As you can imagine, there was a great fight that followed between Lida, the [greedy] widow, and the surviving Scotts and Nortons for Henry’s inheritance. After settling the debate about whether or not Lida had been, actually, Henry’s wife, she was awarded a portion of his inheritance. Ultimately, a separate provision in Lewis’ will allowed for Henry to receive the income from the $50,000 while ‘waiting’ to turn 50 (Wouldn’t it be great to be rewarded for turning 50?), and then throughout his lifetime. “In other words, it was contended that the gift was absolute to Norton upon the death of his grandfather and that the time for the payment of the balance was simply deferred.” The judge agreed. (Sag Harbor Express, April 6, 1909) She also got the properties on Meetinghouse Lane and Walnut Street, as evidenced by the map produce by Belcher & Hyde in 1916.


As previously mentioned, 67 Meetinghouse Lane (immediately above) was built first between 1873-1894, then 54 Walnut Street (2nd above 67 MHL) about 1895, then 64 Walnut (above 67 MHL) sometime after 1932. As this is a multi-family zoning district, all of them were eventually cut up into and used as apartment buildings.  All of them, have also had many additions and changes made to them over the years. However, I would hope, at the least, that 54 Walnut Street, and 67 Meetinghouse Lane would be rehabilitated rather than demolished. They both maintain great architectural harmony within the neighborhood, are good sizes by today’s standards for year-round or summer homes, and help narrate the evolution of the village. They have survived many years and many lives within them, and they have many more years – with some ‘TLC’ – to offer.

Saturday, May 12, 2012

Before & After 9, 10 and 11

Here are some new 'Before & After' images of changes around town for you. I am refraining from making any comments about whether or not these are improvements or tragedies and will defer to you all to have your own opinions, without my influence.


Today's 9th 'Before & After' is at 260 Hill Street. Above is a photo of the front of the house taken in March of 2011. It is a common house type from the 1920s-30s that occur all over the village, but which are quickly disappearing. Some have been renovated and added onto instead of being demolished, so the type won't completely disappear altogether, which is good.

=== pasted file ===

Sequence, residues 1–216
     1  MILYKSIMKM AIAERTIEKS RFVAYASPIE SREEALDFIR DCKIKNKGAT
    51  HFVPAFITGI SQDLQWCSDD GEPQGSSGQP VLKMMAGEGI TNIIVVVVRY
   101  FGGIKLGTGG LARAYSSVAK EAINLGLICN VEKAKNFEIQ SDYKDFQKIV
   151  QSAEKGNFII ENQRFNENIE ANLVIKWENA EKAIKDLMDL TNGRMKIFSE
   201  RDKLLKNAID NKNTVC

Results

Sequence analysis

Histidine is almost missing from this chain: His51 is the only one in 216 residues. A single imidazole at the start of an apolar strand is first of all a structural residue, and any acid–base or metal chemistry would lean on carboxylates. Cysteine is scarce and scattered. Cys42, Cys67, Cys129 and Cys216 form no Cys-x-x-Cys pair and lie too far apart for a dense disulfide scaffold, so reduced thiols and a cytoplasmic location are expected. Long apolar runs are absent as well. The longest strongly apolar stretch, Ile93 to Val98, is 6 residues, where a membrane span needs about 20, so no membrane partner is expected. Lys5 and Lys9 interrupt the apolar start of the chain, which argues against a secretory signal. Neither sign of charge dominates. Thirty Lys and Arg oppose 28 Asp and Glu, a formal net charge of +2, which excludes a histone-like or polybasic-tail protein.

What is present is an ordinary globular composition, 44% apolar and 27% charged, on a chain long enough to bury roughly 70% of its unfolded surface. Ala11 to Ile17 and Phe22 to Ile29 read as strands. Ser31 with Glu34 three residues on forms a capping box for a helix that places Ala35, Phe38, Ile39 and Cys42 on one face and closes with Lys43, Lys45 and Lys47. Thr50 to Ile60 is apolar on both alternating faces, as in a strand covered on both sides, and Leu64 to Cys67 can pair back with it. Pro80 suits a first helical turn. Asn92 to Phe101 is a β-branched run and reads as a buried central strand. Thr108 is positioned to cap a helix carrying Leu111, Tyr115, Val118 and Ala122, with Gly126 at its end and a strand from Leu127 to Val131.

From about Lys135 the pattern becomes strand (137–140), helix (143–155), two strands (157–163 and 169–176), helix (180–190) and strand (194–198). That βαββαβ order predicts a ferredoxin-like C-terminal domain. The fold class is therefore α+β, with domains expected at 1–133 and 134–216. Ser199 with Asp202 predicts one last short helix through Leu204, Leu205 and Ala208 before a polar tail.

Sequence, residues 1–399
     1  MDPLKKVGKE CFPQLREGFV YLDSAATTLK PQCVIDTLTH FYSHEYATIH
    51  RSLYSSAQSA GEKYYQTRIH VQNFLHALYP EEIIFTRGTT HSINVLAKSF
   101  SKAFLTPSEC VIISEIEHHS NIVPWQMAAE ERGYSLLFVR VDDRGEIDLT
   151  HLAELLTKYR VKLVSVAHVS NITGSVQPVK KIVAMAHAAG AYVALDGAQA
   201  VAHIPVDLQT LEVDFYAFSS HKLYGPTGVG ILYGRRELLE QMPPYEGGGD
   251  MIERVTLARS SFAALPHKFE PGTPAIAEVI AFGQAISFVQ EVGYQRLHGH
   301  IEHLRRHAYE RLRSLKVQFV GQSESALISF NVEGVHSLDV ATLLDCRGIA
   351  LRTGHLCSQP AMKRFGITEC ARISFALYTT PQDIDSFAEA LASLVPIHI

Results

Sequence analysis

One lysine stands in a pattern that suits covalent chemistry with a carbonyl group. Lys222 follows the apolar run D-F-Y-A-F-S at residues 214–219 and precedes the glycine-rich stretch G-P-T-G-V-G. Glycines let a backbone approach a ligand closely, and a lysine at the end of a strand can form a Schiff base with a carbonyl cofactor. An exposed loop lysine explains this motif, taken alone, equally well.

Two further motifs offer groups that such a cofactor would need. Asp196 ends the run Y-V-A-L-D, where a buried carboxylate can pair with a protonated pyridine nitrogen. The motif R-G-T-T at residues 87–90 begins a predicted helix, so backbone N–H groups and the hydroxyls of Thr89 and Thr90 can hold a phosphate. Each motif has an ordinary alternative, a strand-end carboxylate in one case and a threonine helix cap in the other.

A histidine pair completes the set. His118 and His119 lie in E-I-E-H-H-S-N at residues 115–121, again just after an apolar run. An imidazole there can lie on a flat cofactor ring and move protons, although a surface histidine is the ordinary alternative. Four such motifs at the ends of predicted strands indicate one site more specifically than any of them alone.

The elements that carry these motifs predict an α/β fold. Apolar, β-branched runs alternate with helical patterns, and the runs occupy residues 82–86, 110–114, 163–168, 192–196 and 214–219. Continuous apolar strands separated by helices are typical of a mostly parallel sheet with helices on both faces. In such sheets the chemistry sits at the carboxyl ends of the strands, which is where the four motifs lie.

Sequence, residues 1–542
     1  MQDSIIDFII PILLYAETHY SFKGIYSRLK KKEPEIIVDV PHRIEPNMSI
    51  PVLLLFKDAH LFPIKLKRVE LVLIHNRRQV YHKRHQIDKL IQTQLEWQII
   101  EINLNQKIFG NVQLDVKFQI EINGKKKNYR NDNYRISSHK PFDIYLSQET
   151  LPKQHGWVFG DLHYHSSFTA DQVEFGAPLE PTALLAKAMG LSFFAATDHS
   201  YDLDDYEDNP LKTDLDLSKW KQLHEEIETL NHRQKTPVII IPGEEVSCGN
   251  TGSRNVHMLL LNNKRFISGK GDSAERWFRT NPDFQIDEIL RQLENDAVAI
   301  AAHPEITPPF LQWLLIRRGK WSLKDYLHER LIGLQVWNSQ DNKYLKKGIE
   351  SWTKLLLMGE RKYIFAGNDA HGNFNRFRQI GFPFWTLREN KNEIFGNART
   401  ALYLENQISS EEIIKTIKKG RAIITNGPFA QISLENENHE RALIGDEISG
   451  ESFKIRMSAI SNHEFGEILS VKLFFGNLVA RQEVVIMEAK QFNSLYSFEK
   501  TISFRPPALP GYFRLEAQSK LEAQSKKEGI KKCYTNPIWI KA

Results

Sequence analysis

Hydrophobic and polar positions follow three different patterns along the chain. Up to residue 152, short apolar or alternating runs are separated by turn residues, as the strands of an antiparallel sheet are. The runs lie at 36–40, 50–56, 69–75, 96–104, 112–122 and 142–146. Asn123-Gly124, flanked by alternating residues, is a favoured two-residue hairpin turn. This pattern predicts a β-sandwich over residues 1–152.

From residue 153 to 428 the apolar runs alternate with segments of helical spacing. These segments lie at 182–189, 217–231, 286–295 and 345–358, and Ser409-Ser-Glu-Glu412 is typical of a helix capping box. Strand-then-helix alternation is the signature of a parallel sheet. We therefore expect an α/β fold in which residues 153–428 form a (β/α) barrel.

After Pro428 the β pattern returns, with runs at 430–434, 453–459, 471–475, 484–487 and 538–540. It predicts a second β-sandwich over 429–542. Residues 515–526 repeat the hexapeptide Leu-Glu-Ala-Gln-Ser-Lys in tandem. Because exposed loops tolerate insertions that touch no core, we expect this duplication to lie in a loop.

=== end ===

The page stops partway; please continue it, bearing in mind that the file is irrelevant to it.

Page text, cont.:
Below is the new house at 260 Hill Street. It is not quite finished, but I thought I'd snap a quick photo before the hedges go in along the front!  I haven't included any context, which I believe one should always take into consideration when opining about whether any work of architecture is a success. I will try to find the time to add photos of the houses on each side in the next day or so.


Today's 10th 'Before & After' is 200 Little Plains Road. Below is an image of the home taken in April of 2011. The house to the immediate south (right) was its virtual twin, and others in the vicinity share a lot of similarities.


Below is a photo of 200 Little Plains Road taken this past February. Again, it's not quite finished, but the overall form is complete enough, in my opinion, to determine whether or not this is an improvement.




Finally, today's 11th 'Before & After' is at 31 Huntting Street. Below is a photograph of the street view taken in August of 2010. This is the same type of house as the first (9th) example above, at 260 Hill Street except its front porch has not been enclosed. My old neighbor, who moved away to Florida awhile ago, used to live in a very similar house, before it was torn down and replaced. (Hmm, I see that doing a 'Look-Alikes' about this house type might be interesting one of these days!)

The photo below is 31 Huntting Street under renovation, and nearly complete except for landscaping, taken in January of this year. It's hard to tell it's the same house, isn't it?


The house's hierarchy is confusing - it's as if the front twin gables are fighting with the larger side gable for superiority. The attic level shed dormer is too high, and the three-over-one light cuts are interesting, but two-over-one would have been more traditional and contextually appropriate. It's nice that they chose to renovate though, instead of demolish.

I guess I couldn't resist inserting a bit of my own opinion in there somewhere! Ha! Oh well.

Stay tuned for the next post, about the thrilling discovery of an old surviving village schoolhouse on Halsey Street!